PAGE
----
MISSOULA, MT — Montana's 13th Judicial District Court ruled two state laws as unconstitutional, according to the ACLU of Montana.
The court ruled both laws were in multiple violations of the Montana Constitution and were harmful toward Native American voting participation in the state.
During the case, the ACLU said both House bills would have stripped away essential access many Native Americans living on reservations use to cast votes.
ACLU of Montana, ACLU National and Native American Rights Fund released the following information:
A Montana court today struck down as unconstitutional two state laws that hinder Native American participation in the state’s electoral process.
One measure, HB 176, would have ended Election Day registration; the other, HB 530, aimed to prohibit paid third-party ballot assistance. Native American voters living on reservations disproportionately rely upon both Election Day registration and ballot assistance to cast votes in Montana.
In 2020, two Montana courts struck down a substantially similar measure to HB 530, finding the restriction on ballot collection “disproportionately harms...Native Americans in rural tribal communities.”
Plaintiffs Western Native Voice, Montana Native Vote, the Blackfeet Nation, the Confederated Salish and Kootenai Tribes of the Flathead Reservation, the Fort Belknap Indian Community, and the Northern Cheyenne Tribe brought the lawsuit, Western Native Voice v. Jacobsen, against HB 176 and HB 530. They are represented by the Native American Rights Fund, American Civil Liberties Union, ACLU of Montana, and Harvard Law School’s Election Law Clinic.
Today’s ruling from the Montana 13th Judicial District Court follows a two-week trial in August 2022 challenging four voting-related laws. (The Montana Democratic Party and Montana Youth Action had challenged two other laws — SB 169, which makes the state’s voter ID requirement much more restrictive, and HB 506, which places further limits on absentee voting. The court in today’s order also struck down SB 169; it had previously granted summary judgment to plaintiffs on HB 506.)
The court ruled these various laws violate several provisions of the Montana Constitution, including the right to vote, equal protection, free speech, and due process.
Plaintiffs had previously obtained a preliminary injunction against HB 176 and HB 530, when the court found that Plaintiffs had made a prima facie showing that those laws were unconstitutional. On September 21, 2022, the Montana Supreme Court upheld that preliminary injunction as to HB 176. (The State did not appeal the preliminary injunction ruling as to HB 530).
The following reactions are from:
Alex Rate, Legal Director, ACLU of Montana: “As we face increasing and unrelenting attacks on our democracy, it is an unfortunate reality that the courts are the place of last resort for protecting our constitutional rights. Our clients shouldn’t need to be filing lawsuits to vindicate basic rights — but as long as the Legislature continues to attempt to erode those rights, we will be standing side by side with tribes and voting rights organizations to make sure that they remain intact.”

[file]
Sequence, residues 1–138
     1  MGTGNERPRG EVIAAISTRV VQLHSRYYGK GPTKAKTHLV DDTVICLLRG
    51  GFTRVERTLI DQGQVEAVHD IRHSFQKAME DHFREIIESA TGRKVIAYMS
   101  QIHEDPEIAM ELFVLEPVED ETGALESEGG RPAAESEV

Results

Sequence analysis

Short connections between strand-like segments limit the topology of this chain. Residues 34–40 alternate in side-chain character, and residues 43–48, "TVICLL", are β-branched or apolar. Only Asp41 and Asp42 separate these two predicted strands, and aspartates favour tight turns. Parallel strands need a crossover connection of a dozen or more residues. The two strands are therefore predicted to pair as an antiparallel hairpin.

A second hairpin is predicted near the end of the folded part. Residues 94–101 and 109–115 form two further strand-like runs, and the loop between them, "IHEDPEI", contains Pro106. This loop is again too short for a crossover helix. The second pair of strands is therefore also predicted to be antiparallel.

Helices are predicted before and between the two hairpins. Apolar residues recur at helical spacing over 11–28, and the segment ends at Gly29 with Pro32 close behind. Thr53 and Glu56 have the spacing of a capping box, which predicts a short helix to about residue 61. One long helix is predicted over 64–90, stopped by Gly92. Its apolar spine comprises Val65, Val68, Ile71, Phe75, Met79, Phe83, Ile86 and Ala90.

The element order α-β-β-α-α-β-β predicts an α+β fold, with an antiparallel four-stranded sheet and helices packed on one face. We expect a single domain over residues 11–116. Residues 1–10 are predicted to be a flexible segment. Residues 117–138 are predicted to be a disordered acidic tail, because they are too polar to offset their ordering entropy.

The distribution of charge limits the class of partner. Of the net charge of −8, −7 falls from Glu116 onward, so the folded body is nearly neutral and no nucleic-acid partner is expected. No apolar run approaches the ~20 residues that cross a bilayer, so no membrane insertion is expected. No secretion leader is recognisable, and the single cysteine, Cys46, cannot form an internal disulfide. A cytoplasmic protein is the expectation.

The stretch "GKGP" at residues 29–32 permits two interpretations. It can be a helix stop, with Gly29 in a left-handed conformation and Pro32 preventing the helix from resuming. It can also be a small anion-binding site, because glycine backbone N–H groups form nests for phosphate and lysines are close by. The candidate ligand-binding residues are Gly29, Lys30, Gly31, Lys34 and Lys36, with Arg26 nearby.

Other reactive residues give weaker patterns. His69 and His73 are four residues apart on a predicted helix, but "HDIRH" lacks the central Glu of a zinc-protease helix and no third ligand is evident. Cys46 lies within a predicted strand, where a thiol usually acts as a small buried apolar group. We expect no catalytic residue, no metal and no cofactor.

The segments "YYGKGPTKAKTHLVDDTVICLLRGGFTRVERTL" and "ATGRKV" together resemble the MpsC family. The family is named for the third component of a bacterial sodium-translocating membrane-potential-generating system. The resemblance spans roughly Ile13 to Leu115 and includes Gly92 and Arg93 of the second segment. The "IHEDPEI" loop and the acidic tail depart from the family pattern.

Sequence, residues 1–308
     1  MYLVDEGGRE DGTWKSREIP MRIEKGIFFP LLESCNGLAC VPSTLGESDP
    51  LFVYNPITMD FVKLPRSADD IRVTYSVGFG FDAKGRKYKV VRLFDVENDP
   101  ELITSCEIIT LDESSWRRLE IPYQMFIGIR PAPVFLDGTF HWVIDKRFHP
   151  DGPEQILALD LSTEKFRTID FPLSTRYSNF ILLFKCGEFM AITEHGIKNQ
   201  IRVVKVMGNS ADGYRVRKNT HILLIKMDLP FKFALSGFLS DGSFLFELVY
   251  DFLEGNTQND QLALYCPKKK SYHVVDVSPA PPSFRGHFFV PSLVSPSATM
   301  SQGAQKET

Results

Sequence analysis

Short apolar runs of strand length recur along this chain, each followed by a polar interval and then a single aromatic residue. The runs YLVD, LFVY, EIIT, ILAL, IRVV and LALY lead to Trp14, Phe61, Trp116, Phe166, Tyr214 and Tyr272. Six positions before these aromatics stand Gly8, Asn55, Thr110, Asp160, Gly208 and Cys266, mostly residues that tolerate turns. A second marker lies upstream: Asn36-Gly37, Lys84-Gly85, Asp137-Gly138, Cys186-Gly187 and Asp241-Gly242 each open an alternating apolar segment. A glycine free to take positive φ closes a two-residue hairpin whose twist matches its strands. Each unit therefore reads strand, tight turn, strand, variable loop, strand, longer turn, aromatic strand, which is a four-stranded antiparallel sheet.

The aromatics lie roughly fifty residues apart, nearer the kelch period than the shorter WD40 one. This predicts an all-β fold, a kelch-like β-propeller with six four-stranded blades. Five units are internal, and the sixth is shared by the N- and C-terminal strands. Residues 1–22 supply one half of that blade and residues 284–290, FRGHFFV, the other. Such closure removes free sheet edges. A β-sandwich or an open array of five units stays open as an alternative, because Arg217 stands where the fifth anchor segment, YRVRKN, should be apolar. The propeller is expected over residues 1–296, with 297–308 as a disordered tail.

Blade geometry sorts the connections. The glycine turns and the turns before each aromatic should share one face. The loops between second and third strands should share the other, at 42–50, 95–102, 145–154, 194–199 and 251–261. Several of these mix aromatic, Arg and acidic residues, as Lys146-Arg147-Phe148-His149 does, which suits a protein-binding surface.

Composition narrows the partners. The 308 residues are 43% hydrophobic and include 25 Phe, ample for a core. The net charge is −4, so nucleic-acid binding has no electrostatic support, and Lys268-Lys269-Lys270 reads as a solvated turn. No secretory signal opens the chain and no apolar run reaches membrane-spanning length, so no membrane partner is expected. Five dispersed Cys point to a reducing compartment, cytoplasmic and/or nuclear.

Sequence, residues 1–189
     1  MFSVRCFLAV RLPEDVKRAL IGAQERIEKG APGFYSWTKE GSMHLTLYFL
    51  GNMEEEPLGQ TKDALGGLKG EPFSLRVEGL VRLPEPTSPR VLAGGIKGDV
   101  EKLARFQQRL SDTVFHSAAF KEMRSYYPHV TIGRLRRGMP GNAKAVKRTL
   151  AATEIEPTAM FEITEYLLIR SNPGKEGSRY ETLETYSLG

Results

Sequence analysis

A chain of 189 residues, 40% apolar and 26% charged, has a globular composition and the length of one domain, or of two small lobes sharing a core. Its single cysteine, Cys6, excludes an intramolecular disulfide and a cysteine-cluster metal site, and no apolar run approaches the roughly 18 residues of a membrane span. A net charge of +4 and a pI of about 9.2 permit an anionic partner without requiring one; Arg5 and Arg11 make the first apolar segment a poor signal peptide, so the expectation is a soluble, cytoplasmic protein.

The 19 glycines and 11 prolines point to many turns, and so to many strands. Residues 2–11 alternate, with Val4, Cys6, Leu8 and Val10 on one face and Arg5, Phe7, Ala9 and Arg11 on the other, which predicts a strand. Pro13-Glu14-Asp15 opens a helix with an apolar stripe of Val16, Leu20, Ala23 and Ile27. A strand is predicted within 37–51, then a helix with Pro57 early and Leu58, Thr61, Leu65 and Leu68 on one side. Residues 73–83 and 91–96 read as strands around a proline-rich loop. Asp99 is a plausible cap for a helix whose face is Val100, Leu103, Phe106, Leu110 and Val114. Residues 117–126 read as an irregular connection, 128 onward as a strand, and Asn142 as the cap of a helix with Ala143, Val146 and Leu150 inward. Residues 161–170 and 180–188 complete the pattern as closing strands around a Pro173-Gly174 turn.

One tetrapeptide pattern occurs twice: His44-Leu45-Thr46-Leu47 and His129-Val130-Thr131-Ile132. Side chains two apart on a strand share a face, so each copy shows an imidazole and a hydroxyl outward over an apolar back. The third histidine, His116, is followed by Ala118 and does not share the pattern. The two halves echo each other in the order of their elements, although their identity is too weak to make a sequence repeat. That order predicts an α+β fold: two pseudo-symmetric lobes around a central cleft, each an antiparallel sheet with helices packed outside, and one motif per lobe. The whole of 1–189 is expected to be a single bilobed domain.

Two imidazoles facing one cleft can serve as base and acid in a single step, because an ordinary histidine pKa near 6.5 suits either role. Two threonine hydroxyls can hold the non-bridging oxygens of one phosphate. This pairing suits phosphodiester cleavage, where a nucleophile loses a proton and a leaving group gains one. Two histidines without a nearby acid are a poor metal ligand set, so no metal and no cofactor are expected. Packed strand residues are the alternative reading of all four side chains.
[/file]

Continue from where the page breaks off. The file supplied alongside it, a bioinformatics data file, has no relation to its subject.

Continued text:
Jonathan Topaz, Staff Attorney, ACLU Voting Rights Project: “The court was right to strike down these brazen and unconstitutional laws that would severely burden Native American voters in Montana. Yet again, the courts in Montana have rightly determined that the Legislature cannot trample Native Americans’ fundamental rights.”
Jacqueline De León, Staff Attorney, NARF: “Once again Tribes and GOTV organizations have been forced to defend the rights of Native voters from laws designed to make it difficult or impossible for Natives in Montana to vote. Passing discriminatory laws did not work then, does not work today, and each time Montana legislators try to limit the rights of Native Americans, we will protect Native rights in court."
Samantha Kelty, Staff Attorney, NARF: “Hopefully this decision will inspire elected officials to stop designing legislation that cripples the ability of specific groups of people to vote, and instead apply their time in office toward addressing the systemic inequities that ballot collection and Election Day registration allow Native and rural voters to overcome,” she said, citing as examples vast disparities in mail service, internet connectivity, and distance to voter registration and polling sites.
Theresa J. Lee, Litigation Director, Election Law Clinic at Harvard Law School: “Our clients stood up for not only their own constitutional rights and the rights of all Native American voters in the state, but indeed for the rights of every single Montanan. The evidence they put forward was overwhelming, and we are thrilled that the court heard that evidence and struck down these suppressive laws.”
The ruling can be found below.